For other uses of the word Greenbelt, see Greenbelt (disambiguation).
A green belt or greenbelt is an area of largely undeveloped wild or agricultural land surrounding or neighbouring an urban area. A similar concept is the greenway which has a linear character and may run through the urban area instead of around it. The more general term in the U.S. is green space or greenspace, which may be a very small area such as a park.
In some countries, development in green belt areas is heavily restricted. Aims include:
protecting the natural environment;
improving air quality in urban areas;
ensuring that urban dwellers have easy access to the countryside, with consequent educational and recreational opportunities; and
protecting the unique character of rural communities which might otherwise be absorbed by expanding suburbs.
Sometimes, development jumps over the restricted greenbelt area, resulting in the creation of "satellite towns" which, although separated from the city by green space, function more like suburbs than independent communities.
The protection of green belts was pioneered in the United Kingdom, where there are fourteen green belt areas, covering 16,716 km², or 13% of England; for a detailed discussion of these, see Green Belt (UK). Another notable example is the Ottawa Greenbelt in Canada.
An act of the Swedish parliament from 1994 has declared a series of parks in Stockholm and the adjacent municipality of Solna to its north a "national urban park" (it stretches from the parks surrounding the royal palaces of Ulriksdal and Haga in Solna, through the Brunnsviken area, down to the former royal hunting grounds of North and South Djurgården).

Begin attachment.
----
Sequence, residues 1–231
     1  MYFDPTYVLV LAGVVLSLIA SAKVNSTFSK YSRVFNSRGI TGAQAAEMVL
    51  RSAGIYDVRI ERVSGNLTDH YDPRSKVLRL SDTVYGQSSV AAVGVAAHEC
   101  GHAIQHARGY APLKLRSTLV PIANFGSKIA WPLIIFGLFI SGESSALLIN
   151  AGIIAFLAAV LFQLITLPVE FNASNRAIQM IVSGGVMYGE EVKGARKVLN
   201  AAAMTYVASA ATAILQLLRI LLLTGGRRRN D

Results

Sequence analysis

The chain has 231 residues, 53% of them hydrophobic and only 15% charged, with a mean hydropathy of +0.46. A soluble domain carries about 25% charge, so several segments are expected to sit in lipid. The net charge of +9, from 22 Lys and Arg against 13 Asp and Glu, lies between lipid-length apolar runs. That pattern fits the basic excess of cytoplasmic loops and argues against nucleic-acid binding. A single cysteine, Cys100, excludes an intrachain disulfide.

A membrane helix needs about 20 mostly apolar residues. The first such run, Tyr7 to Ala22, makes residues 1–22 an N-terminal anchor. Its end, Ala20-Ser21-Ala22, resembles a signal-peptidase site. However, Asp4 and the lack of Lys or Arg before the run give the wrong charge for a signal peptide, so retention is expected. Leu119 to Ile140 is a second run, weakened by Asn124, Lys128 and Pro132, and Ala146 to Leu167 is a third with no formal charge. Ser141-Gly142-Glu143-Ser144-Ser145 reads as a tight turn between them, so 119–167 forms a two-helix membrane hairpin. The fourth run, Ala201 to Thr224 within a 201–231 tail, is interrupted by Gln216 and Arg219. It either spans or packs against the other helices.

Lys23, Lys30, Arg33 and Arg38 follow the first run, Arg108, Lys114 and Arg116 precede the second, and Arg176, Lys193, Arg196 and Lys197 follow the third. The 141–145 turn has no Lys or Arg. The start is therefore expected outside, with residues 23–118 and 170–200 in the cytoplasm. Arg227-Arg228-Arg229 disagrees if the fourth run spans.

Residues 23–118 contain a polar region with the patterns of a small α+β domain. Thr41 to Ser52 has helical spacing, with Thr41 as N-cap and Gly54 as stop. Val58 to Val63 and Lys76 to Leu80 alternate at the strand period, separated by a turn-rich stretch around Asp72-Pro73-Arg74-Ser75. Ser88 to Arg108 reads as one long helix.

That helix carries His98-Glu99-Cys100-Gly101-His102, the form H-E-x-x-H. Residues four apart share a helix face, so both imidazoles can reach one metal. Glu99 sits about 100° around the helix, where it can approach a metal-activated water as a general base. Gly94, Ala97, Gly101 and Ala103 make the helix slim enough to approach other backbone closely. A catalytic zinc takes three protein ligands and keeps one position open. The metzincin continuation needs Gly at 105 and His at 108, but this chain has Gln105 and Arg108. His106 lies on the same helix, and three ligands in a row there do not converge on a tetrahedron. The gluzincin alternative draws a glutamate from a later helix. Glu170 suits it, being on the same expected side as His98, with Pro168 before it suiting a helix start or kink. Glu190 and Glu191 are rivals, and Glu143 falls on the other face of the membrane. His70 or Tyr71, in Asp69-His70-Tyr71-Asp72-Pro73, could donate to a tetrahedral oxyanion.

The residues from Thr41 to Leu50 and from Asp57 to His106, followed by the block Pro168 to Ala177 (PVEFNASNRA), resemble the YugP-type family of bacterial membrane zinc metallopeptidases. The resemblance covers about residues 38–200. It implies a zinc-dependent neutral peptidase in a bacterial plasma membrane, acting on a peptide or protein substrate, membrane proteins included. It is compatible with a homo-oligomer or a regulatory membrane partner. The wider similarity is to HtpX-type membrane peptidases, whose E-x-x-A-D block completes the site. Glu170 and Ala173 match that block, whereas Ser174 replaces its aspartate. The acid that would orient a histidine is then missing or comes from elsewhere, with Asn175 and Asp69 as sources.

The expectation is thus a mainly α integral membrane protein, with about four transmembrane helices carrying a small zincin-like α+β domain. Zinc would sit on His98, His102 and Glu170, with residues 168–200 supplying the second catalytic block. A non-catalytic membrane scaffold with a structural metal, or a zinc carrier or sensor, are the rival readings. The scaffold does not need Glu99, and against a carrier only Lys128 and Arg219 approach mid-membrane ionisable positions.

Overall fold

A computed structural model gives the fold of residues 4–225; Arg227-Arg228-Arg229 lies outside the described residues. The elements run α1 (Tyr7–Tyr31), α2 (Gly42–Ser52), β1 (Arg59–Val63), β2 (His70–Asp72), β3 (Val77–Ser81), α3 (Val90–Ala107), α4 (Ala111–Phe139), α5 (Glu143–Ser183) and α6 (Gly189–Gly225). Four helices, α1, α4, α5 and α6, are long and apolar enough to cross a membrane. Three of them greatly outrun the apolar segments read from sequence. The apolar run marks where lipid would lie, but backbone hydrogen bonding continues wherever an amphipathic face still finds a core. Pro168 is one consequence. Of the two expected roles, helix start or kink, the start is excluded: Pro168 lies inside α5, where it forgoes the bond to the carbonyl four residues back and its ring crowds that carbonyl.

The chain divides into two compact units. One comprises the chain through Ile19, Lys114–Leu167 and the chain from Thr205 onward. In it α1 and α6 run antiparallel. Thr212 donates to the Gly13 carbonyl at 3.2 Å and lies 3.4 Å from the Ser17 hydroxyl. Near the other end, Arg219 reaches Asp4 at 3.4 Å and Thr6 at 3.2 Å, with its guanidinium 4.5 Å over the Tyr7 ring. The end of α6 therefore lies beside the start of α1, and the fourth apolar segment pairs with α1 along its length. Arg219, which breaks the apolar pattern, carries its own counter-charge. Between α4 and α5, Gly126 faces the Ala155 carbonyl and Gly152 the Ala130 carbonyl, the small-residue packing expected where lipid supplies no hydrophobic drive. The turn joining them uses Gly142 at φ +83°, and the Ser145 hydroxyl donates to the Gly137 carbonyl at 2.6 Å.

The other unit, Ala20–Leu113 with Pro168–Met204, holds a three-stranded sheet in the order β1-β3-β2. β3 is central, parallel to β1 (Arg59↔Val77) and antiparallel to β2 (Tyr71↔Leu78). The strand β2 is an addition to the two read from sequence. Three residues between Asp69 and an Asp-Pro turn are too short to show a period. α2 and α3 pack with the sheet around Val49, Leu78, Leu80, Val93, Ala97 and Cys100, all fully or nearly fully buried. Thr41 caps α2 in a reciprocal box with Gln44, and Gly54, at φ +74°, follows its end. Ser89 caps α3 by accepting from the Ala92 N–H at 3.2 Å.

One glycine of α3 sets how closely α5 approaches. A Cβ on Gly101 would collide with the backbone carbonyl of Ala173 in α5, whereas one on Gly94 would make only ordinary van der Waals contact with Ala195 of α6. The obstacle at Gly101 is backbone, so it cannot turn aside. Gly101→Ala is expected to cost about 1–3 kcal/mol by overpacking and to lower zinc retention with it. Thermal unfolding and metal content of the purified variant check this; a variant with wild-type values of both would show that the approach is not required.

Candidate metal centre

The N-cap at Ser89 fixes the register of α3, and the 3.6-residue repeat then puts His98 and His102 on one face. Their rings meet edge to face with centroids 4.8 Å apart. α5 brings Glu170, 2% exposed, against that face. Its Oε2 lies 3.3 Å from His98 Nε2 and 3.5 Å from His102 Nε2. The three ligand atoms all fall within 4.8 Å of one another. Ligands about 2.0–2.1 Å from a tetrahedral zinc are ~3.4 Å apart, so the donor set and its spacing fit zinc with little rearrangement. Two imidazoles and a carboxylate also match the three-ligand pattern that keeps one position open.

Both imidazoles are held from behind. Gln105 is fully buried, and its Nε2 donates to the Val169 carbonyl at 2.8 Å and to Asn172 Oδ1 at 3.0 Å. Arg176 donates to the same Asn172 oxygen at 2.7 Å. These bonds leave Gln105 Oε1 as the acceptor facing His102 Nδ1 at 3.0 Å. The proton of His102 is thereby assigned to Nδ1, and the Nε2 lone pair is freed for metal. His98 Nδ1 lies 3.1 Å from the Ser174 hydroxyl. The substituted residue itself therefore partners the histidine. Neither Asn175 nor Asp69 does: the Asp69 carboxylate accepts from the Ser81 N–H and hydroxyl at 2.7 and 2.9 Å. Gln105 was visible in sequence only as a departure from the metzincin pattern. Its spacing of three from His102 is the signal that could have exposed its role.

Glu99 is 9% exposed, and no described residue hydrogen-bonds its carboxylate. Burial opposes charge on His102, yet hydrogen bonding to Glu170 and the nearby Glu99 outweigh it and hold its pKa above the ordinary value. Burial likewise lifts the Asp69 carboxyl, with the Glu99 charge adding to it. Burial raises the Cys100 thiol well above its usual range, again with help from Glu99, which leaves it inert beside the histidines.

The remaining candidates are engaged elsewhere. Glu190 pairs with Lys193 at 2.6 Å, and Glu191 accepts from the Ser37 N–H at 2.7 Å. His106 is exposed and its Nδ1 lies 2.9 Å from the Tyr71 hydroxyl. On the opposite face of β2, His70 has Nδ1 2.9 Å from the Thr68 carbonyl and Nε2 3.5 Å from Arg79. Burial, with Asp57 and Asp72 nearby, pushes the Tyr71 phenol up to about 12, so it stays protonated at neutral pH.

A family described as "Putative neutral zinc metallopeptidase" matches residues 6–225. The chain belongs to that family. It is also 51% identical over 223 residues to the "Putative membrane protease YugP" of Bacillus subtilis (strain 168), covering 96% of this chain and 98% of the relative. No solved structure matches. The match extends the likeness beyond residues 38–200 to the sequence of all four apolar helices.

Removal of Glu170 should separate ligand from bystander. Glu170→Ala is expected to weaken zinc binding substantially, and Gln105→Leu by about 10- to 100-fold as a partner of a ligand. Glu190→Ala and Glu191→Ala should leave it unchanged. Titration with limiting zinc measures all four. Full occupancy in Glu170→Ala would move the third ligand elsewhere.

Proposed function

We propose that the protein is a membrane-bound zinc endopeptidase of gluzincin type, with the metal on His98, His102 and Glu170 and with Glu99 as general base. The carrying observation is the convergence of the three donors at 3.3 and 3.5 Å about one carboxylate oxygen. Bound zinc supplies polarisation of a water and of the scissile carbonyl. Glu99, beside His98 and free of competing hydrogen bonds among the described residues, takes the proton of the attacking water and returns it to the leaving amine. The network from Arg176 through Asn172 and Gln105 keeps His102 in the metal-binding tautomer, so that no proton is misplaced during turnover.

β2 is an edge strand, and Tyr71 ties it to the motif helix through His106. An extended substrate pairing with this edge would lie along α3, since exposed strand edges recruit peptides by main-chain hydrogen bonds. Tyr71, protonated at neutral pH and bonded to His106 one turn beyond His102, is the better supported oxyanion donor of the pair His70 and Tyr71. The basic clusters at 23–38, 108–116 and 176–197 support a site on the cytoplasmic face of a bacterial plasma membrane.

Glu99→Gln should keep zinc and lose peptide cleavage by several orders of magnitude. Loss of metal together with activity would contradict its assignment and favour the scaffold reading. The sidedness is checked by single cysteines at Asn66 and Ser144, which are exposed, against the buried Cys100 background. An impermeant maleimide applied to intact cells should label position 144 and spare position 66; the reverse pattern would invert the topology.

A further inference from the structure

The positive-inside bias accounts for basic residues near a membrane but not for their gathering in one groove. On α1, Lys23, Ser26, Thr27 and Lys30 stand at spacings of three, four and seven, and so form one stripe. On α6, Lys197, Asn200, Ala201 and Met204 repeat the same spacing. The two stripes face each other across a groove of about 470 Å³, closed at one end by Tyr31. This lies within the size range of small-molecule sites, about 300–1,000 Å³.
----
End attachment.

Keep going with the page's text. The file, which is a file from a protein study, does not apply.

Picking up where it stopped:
This is the official website of the GreenBelt Movement (GBM) and its founder, the 2004 Nobel Peace Prize Laureate, Professor Wangari Maathai.
Wangari Maathai, who in 2004 became the first African woman to win the Nobel Peace Prize, won the nonfiction award for her memoir, "Unbowed." The book tells of Maathai's struggle to found the GreenBelt movement, a grass-roots attempt to reverse environmental destruction in Kenya.
Professor Wangari Maathai and the GreenBelt Movement applaud the announcement today that Al Gore, former US vice president, and the UN’s IPCC have won the 2007 Nobel Peace Prize for raising awareness of the risks of climate change.
In UK city planning, the GreenBelt is a concept for controlling metropolitan growth introduced around London, England by minister of housing Duncan Sandys via a Government Circular.
The government issues planning guidance [] for the greenbelts defined by local authorities in England and Wales.
The introduction of greenbelts was the culmination of over 50 years of environmentalist pressure with roots in the Garden Cities Movement and widespread academic interest in combating urban sprawl and ribbon development, as well as pressure from campaign groups such as the Campaign to Protect Rural England (CPRE).
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